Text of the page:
It doesn’t get much better than the DL we have right now. Maybe they won’t generate as much pass rush against MSU, but if nothing else putting a >300 pounder at end should reap benefits in locking down run games and free up the LBs a bit.

        • Comments: 3844
          Joined: 7/13/2015
          Sep 28, 2015 at 9:33 PM

          The ultimate goal of the season is not to bum rush UNLV and BYU. The goal is to be able to get a pass rush against MSU, OSU, etc. We’ll see how that plays out, but I don’t see Henry having the same success against those teams.

  4. Comments: 117
    Joined: 9/28/2015
    Sep 28, 2015 at 12:10 PM

    So…why doesn’t Ty Isaac get more touches? Doghouse? Trying to keep him hungry thing? I’d rather see him bulk up, play FB,(next year now!) and have Isaac and Johnson take the majority of the snaps!

    • Comments: 3844
      Joined: 7/13/2015
      Sep 28, 2015 at 1:06 PM

      Isaac supposedly got ripped on the sideline for not lowering his shoulder and grinding for two yards on 2nd-and-2. Wheatley wouldn’t give him any carries after that.

      I don’t think it makes much sense to put Isaac at fullback when all along, the biggest knock on him has been his toughness.

    • Comments: 6285
      Joined: 8/11/2015
      Sep 28, 2015 at 3:06 PM

      The main reason is that Smith is a lot better at playing RB.

      Isaac should get better at blocking and should improve in this system but he’s had rumors of maturity and determination dogging him up until this summer. Hopefully he’s learning from watching Smith.

      I brought up a move to FB in the offseason and mgoblog suggested an H-back role (due to Isaac’s size and pass-catching skills) but yeah…you have to block and you have to be tough.

      For now Isaac’s the 3rd string RB and he’s going to have to deviate from the Mike Cox career arc to move ahead of anybody who is ahead of him right now. He’ll have a much clearer path to playing time in 2017 though, so Michigan is wise to keep developing him, and he would be wise to listen to his coaches.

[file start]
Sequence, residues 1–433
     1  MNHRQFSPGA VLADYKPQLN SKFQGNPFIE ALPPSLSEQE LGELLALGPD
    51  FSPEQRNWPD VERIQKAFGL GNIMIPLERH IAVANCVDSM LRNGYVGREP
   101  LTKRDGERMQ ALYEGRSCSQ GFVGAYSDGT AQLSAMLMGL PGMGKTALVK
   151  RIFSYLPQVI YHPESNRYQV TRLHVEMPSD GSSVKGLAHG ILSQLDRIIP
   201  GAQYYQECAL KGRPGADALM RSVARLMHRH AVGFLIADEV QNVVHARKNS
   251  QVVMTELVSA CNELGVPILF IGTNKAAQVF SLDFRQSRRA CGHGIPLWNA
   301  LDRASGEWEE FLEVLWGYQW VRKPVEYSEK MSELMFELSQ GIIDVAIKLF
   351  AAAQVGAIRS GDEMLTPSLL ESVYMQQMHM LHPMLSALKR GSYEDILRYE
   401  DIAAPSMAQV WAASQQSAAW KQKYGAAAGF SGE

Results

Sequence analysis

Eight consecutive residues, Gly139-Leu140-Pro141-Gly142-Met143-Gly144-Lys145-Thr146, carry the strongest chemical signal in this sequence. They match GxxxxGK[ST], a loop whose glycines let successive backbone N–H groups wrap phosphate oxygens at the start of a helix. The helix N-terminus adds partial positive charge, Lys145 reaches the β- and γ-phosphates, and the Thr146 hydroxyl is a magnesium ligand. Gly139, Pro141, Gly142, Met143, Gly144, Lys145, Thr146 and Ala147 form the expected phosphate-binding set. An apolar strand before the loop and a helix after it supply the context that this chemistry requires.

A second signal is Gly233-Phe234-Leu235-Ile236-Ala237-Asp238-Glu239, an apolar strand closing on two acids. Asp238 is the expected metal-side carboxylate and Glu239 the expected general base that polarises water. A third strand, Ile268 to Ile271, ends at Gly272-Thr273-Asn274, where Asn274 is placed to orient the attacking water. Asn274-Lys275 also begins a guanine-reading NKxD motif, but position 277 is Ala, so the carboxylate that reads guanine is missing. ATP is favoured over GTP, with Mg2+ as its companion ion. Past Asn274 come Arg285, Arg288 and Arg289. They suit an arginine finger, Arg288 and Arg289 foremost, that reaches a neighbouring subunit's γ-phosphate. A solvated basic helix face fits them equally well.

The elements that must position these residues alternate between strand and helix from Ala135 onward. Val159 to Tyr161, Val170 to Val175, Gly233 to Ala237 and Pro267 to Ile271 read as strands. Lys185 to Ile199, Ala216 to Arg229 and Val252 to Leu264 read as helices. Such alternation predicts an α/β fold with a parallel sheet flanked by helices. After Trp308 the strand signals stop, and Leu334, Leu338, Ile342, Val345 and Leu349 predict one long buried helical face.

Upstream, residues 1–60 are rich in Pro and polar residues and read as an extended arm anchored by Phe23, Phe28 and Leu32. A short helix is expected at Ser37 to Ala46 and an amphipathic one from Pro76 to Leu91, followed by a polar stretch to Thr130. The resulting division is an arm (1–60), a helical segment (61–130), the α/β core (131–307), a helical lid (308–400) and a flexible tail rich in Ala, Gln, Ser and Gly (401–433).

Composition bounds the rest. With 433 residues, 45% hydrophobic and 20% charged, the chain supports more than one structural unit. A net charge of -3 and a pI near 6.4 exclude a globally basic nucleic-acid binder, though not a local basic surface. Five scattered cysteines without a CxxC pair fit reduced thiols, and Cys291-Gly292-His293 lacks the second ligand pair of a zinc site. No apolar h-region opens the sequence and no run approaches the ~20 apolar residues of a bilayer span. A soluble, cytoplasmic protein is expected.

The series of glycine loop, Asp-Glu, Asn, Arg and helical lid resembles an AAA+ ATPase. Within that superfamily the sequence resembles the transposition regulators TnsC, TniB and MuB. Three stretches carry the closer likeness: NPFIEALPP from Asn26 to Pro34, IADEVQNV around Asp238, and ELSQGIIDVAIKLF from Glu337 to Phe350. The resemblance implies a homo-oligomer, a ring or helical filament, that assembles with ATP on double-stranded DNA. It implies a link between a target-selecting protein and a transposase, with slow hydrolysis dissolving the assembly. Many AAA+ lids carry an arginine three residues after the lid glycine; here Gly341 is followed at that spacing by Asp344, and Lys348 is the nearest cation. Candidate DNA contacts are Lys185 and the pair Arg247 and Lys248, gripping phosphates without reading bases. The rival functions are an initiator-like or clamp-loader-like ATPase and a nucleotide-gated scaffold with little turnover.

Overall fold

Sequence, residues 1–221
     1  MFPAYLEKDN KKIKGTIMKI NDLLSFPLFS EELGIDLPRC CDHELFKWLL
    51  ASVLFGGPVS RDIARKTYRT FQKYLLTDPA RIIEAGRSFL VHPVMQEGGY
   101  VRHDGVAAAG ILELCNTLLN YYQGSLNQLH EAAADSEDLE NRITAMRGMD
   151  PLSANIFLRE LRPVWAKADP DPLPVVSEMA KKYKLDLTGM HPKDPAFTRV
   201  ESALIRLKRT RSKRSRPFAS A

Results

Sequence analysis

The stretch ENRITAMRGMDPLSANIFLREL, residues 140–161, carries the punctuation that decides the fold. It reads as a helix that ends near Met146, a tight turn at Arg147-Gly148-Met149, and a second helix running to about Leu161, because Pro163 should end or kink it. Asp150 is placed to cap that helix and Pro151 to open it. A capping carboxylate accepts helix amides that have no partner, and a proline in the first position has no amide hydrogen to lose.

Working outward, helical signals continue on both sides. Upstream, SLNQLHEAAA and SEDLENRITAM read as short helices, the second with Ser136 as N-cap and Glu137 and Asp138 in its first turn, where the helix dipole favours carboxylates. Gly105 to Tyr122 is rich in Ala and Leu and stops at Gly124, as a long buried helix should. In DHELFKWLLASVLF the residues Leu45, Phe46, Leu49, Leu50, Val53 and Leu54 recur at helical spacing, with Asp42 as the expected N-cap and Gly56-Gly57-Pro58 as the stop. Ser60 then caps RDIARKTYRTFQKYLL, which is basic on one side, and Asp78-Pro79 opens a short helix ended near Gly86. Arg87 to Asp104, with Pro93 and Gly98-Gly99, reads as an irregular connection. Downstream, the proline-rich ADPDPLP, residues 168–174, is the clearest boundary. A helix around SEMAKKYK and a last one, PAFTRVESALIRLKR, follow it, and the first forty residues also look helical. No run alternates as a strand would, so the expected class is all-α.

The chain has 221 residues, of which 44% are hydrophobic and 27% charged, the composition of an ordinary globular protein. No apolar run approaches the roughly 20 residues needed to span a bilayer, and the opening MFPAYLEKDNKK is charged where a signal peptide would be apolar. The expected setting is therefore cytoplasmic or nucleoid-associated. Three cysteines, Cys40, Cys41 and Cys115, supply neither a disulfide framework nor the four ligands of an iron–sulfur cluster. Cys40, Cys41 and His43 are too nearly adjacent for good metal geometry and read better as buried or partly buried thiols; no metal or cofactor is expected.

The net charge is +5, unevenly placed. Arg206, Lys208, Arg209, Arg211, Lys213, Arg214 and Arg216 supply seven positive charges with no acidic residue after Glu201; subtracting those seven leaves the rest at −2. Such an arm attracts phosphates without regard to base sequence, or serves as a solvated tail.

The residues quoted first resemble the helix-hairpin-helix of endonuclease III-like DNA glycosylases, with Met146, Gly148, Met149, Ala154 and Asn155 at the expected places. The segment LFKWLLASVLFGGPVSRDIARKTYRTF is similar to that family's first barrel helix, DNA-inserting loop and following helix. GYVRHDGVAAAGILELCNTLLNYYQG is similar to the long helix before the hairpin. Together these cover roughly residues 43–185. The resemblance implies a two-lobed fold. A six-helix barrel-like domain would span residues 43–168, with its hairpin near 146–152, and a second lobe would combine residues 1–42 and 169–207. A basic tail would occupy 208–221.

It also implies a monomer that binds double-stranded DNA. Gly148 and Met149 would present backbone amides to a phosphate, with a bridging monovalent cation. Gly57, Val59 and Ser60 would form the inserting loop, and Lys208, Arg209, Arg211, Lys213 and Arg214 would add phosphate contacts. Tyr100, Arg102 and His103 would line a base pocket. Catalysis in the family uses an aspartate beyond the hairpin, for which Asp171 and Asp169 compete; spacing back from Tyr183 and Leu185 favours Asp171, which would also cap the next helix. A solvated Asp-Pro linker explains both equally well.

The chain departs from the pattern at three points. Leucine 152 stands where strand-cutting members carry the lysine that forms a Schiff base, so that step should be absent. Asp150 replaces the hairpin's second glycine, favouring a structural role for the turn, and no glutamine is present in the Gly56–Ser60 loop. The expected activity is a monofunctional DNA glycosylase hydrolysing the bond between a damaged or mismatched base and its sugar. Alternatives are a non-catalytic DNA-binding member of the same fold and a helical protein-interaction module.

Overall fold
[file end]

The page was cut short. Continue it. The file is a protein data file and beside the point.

5. Comments: 1364
    Joined: 8/11/2015
    Sep 28, 2015 at 8:06 PM

    More on offense? Rudock. Not because he’s playing less than he deserves, but because he needs to make himself a bigger part of the offense if we’re going to have a good chance to beat the tougher teams on our schedule. He needs to be making a greater variety of throws with confidence because our running game probably cannot sustain too many drives all by itself. His reads and communication with his receivers have to improve if our offense is going to improve.

    • Comments: 6285
      Joined: 8/11/2015
      Sep 29, 2015 at 4:18 PM

      Do you see run/pass balance as an issue? It seems fine so far to me.

      Maybe you’d like to see more downfield stuff. I generally agree, but they’ve taken some shots here and there. Anyway, I’m not sure that’s playing to Rudock (or our WRs) strengths. I like the screen passes and TE targets they’ve been using to keep defenses honest. It’s doesn’t take a ton of downfield stuff to keep defenses on their toes.

      • Comments: 1364
        Joined: 8/11/2015
        Sep 30, 2015 at 9:23 PM

        I think the run/pass balance has been fine. YPA in the passing game is only 6.5 through 4 games, though, and needs to be better, so yes, our downfield capability needs improvement. YPC in the rush game is 4.8, which is not bad compared to the last couple years, though not great either, but I don’t think there’s as much room for improvement there, especially not if teams keep stacking the box because our passing game isn’t stretching the field.